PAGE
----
YouTube Clarifies Harassment Policy by Flailing Around Like a Big, Dumb Noodle

Photo: Frank Vincentz (Wikimedia)

Less than 24 hours after determining that far-right buffoon Steven Crowder’s anti-gay harassment of Vox journalist Carlos Maza was basically fine, YouTube has reversed course—or, more accurately, has continued to fishtail around the road. This afternoon, the platform announced that it has now decided to demonetize Crowder’s channel, but for larger, vaguer reasons.

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In a widely shared Twitter thread last week, Maza detailed harassment Crowder heaped upon him over the course of years. Masa recounted how Crowder used his YouTube channel to call him a “lispy queer,” a “gay Mexican,” and an “anchor baby.” This had the additional effect of presenting Crowder’s 3.8 million subscribers with a target for anonymous abuse. After Masa’s personal information was distributed online, Masa says he was bombarded with hundreds of texts about Crowder.

Sadly, many aspects of Maza’s tale of YouTube-enabled aren’t unique. Unlike most, however, Maza’s story went viral, and he ended up getting a personal response from the platform.

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After almost a full week of Maza’s story spreading, YouTube determined that, well, Crowder was within his rights to continue to do what he’d been doing:

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In a coordinated PR move, YouTube tried to distract from this bizarre decision by going for an easy win today, announcing now, 14 years after launching, it would ban content that directly supported Nazi ideology. Incredibly, its vague plans to remove an undisclosed number of videos and/or channels did not earn the company the brownie points it so rabidly sought. And while YouTube’s new hate speech policy ostensibly covered nationality, country of origin, and sexuality (broadly, the three identity categories used to bully Maza) the company did not respond to questions about whether or not Crowder’s videos would be among those pulled down.

Just hours after rolling out what was supposed to be a bold step forward towards a safer YouTube, however, the official Team YouTube account “updated” the public with a new decision about Crowder that will please no one.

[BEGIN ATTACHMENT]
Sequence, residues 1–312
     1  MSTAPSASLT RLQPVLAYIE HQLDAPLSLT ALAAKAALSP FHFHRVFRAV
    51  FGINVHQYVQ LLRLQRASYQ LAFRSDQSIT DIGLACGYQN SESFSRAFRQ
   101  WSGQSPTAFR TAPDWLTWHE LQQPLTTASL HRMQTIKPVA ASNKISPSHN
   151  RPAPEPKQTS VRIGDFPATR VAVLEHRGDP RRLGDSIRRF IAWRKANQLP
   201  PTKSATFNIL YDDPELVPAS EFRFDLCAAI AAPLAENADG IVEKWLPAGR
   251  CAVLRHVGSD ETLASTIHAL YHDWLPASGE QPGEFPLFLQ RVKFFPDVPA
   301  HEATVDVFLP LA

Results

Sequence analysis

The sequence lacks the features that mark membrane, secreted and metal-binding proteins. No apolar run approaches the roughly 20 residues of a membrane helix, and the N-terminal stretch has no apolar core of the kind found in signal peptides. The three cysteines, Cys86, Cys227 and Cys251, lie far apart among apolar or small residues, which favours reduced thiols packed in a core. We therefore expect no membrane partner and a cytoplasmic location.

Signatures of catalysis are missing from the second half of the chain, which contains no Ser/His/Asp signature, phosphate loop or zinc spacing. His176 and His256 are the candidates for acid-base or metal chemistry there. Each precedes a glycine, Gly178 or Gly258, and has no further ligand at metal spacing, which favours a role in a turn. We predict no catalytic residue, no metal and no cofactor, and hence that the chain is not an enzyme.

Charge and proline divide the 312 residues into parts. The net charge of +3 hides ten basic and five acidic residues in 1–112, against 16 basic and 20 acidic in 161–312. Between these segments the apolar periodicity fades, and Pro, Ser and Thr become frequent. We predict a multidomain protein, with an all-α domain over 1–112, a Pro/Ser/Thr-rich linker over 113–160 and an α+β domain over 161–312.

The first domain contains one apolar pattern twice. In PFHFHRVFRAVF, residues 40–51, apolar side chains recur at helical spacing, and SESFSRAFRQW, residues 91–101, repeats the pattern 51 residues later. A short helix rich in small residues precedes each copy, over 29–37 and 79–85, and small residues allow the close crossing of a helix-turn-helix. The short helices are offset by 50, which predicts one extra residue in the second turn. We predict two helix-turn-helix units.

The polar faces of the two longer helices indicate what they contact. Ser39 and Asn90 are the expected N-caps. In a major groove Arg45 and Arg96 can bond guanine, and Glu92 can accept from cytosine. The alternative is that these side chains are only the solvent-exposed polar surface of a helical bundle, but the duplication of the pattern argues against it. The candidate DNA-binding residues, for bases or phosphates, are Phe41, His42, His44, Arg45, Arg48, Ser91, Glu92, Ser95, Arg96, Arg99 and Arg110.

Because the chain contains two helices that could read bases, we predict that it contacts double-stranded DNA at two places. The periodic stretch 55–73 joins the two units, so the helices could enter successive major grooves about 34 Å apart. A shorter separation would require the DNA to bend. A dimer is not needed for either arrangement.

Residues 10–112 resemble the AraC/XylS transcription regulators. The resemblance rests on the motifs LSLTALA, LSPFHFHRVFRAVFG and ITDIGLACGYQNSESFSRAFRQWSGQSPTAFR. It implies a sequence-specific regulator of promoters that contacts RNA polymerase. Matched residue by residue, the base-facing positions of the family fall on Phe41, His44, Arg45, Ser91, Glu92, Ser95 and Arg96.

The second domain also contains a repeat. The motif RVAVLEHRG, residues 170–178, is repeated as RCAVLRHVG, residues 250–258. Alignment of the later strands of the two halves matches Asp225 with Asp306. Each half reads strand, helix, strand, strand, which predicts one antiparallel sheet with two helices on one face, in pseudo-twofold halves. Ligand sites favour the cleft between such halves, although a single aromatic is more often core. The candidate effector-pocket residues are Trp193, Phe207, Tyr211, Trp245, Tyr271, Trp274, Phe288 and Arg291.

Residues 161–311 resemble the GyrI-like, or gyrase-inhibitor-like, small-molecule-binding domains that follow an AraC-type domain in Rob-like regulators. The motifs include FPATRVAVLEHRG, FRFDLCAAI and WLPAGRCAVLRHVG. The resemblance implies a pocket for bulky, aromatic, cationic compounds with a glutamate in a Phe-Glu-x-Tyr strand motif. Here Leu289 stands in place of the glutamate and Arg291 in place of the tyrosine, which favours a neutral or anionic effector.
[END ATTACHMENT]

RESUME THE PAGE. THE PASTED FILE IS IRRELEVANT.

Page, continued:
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“Update on our continued review–we have suspended this channel’s monetization,” tweeted YouTube on Wednesday. “We came to this decision because a pattern of egregious actions has harmed the broader community and is against our YouTube Partner Program policies.”

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Ah good, a solution which is at once cowardly and unsatisfying—and relieves a bullying dipshit of direct responsibility. After all, he didn’t break the rules, he just exhibited “a pattern of egregious actions” that “harmed the broader community” incidentally! As punishment, Crowder will seemingly be allowed to continue uploading videos that attack individuals on the basis of heritage and sexual orientation and make money through his own sponsorships and merchandise sales, losing out only on the opportunity to use the platform’s baked-in ad opportunities. Imagine, if you will, a lazier half-measure than this.

Really, try it.

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Perfect. So after a week of public outcry over a clearly unfair scenario which breaks YouTube’s own rules, the company has affirmed it will only let Crowder run its ads if and when he stops selling a shirt with an anti-gay slur he’s been peddling for three years—among other, unspecified reforms.

None of these issues are new. None of these solutions are good. And as has become customary, the only reason YouTube is responding at all is because a critical mass of people are wondering just what the fuck is going on. Unfortunately, the most confused party in this whole mess seems to be YouTube itself.

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YouTube’s moderation policy works exactly the way everyone assumes it does: The company does the bare minimum when enough angry people are threatening to knock its doors down. Which is to say it’s always doing a bad job, and never for the right reasons.

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About the author

Bryan Menegus

Senior reporter. Tech + labor /// bgmwrites@gmail.com Keybase: keybase.io/bryangm Securedrop: http://gmg7jl25ony5g7ws.onion/

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